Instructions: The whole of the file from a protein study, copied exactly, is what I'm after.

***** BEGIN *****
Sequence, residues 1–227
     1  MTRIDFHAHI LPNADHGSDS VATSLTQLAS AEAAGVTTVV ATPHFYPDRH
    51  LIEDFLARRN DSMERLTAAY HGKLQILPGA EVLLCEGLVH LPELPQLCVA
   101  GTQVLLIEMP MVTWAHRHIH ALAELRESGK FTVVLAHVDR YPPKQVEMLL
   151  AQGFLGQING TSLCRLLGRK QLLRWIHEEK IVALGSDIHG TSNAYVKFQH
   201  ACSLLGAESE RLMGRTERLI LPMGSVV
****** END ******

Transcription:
Sequence, residues 1–227
     1  MTRIDFHAHI LPNADHGSDS VATSLTQLAS AEAAGVTTVV ATPHFYPDRH
    51  LIEDFLARRN DSMERLTAAY HGKLQILPGA EVLLCEGLVH LPELPQLCVA
   101  GTQVLLIEMP MVTWAHRHIH ALAELRESGK FTVVLAHVDR YPPKQVEMLL
   151  AQGFLGQING TSLCRLLGRK QLLRWIHEEK IVALGSDIHG TSNAYVKFQH
   201  ACSLLGAESE RLMGRTERLI LPMGSVV